I think I can summarize my hon. friend's argument under three headings. In the first place he urges that " similar circumstances and conditions" means that in some cases certain competitive shippers might find themselves embarrassed because goods might be different and the lines or directions of traffic might be different. Competitive shipping, competition between shippers, does not exist with respect to different types of goods. Under the Railway Act, the rate structure is predicated upon similarity of circumstances and conditions. There is no departure from that principle in this bill. The words used prohibit unfair or unjust discrimination when traffic is moving under similar circumstances and conditions. This is the very principle of the Railway Act. To be able to allege unjust or unfair discrimination you must show that traffic of a similar nature, moving in a similar direction, under similar circumstances and conditions, is being charged at an unfair rate. In this act, if different goods are moving in different directions, under different circumstances and conditions, namely by highway, how could unjust or unfair discrimination be alleged?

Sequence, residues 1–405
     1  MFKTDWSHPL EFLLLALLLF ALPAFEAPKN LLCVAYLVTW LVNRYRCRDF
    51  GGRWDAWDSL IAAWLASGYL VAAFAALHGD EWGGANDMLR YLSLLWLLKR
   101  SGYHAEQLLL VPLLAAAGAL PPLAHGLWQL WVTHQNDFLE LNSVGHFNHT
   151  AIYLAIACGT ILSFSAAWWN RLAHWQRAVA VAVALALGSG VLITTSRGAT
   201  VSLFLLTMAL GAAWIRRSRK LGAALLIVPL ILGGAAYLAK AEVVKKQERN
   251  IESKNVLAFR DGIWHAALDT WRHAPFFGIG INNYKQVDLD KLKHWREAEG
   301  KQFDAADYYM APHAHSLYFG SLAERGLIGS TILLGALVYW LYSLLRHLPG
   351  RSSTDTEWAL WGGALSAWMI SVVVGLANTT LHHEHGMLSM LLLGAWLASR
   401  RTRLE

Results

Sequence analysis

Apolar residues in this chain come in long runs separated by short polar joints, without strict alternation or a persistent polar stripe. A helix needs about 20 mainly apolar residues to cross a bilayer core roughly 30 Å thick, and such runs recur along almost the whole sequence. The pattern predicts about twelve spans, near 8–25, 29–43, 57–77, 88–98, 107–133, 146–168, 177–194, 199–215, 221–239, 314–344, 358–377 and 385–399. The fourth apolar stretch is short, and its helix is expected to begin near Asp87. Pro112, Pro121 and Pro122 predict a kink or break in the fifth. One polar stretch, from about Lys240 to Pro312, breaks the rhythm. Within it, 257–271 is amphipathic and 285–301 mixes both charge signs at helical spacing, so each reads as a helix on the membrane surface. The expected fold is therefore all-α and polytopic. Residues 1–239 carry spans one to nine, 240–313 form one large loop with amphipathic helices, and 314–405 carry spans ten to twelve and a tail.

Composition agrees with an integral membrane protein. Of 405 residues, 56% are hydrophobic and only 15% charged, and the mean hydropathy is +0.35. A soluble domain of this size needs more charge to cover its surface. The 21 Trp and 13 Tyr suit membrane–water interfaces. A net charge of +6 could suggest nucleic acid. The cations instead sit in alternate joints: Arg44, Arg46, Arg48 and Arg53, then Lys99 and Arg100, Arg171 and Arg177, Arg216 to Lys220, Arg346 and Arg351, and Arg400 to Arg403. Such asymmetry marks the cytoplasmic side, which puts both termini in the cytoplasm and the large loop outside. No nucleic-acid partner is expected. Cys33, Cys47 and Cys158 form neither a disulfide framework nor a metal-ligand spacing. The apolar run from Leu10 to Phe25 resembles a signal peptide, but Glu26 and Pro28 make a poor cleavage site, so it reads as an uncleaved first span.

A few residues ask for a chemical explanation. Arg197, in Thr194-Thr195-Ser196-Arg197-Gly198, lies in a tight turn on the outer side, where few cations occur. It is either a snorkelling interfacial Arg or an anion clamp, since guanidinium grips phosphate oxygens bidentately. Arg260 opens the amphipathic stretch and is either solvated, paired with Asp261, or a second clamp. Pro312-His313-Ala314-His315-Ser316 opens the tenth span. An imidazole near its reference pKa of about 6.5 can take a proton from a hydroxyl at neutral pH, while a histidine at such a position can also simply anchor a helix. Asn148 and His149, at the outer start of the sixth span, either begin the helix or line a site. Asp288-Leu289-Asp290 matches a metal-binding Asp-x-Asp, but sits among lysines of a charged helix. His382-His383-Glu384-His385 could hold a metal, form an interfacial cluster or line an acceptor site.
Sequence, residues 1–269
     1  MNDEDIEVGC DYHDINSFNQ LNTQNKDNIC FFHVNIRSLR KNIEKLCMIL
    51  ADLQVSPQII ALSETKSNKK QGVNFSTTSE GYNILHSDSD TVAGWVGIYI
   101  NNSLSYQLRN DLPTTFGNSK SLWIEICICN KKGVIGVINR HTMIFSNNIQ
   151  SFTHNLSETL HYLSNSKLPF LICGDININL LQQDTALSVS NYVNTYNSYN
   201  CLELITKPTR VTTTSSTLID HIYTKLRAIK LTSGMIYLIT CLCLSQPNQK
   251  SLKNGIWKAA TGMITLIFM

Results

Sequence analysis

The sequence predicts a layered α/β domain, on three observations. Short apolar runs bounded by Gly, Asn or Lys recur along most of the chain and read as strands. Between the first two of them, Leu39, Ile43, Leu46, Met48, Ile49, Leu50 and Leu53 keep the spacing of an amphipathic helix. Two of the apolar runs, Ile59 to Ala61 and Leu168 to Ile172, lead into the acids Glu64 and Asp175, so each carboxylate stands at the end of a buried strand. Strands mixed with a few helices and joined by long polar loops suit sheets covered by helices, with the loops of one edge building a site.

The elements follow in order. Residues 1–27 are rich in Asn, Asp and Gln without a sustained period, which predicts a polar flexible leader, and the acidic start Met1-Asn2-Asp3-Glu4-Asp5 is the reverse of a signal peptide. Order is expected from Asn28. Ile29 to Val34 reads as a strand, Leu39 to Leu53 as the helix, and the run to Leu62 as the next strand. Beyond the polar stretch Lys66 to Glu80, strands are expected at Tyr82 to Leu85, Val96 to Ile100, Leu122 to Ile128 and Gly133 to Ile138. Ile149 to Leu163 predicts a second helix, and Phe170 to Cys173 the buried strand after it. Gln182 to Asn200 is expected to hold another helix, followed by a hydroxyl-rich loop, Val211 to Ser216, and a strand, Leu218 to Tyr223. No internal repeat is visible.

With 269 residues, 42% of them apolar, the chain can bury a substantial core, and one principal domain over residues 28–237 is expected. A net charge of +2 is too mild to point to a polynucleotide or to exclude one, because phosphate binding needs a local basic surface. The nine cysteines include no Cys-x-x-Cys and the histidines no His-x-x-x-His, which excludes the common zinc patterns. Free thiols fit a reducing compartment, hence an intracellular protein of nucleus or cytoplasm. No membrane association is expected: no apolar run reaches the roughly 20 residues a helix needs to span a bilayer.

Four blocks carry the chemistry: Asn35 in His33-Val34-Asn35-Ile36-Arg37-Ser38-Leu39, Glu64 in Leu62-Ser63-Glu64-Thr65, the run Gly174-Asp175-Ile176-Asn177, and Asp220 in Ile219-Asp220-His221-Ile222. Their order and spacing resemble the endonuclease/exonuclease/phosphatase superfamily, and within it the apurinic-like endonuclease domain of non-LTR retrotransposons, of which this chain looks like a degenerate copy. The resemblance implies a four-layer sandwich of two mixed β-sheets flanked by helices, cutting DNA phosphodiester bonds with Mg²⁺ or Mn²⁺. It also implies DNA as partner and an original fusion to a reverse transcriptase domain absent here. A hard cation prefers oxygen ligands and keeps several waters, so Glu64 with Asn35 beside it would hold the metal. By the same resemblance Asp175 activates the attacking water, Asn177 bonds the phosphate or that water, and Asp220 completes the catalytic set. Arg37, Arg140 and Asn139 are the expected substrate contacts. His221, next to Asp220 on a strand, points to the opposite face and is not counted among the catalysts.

My hon. friend further alleges that " agreed charges," referred to in section 35, are a departure from the underlying principles of the Railway Act. I submit that that is not so. Under the Railway Act there are three different types of rates:
1. Standard mileage rates, which must be approved by the board. These rates are maximum rates. They cannot be exceeded; they must be submitted, approved and published. The board, after hearing, determines the maximum mileage rates permissible.
2. Special tariffs, applicable to lumber, grain or other commodities moving in large volume, in trainload lots, carload lots, with respect to which there are special loading or unloading conditions or ceritain market conditions which permit, the particular commodity to be treated in a class by itself.
3. Competitive rates, which in their managerial discretion carriers may publish to retain traffic which would otherwise go to rail or water competitors. Competitive rates need not be approved by the board. They are under the level prescribed by the standard mileage rates, and they can be published, and put into effect unless complained of.